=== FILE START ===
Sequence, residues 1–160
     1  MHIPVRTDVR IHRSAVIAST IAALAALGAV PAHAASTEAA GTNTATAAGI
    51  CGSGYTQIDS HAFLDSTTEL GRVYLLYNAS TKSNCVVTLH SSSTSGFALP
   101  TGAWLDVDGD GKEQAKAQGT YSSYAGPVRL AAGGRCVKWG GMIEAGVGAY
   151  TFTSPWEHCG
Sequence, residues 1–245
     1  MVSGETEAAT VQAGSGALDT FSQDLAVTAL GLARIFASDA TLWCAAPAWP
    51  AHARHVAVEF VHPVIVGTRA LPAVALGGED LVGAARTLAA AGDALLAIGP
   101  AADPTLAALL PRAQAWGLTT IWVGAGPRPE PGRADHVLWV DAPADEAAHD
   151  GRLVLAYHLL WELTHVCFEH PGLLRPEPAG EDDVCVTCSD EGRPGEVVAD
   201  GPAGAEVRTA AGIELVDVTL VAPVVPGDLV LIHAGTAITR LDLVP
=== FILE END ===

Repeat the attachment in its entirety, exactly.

Sequence, residues 1–160
     1  MHIPVRTDVR IHRSAVIAST IAALAALGAV PAHAASTEAA GTNTATAAGI
    51  CGSGYTQIDS HAFLDSTTEL GRVYLLYNAS TKSNCVVTLH SSSTSGFALP
   101  TGAWLDVDGD GKEQAKAQGT YSSYAGPVRL AAGGRCVKWG GMIEAGVGAY
   151  TFTSPWEHCG
Sequence, residues 1–245
     1  MVSGETEAAT VQAGSGALDT FSQDLAVTAL GLARIFASDA TLWCAAPAWP
    51  AHARHVAVEF VHPVIVGTRA LPAVALGGED LVGAARTLAA AGDALLAIGP
   101  AADPTLAALL PRAQAWGLTT IWVGAGPRPE PGRADHVLWV DAPADEAAHD
   151  GRLVLAYHLL WELTHVCFEH PGLLRPEPAG EDDVCVTCSD EGRPGEVVAD
   201  GPAGAEVRTA AGIELVDVTL VAPVVPGDLV LIHAGTAITR LDLVP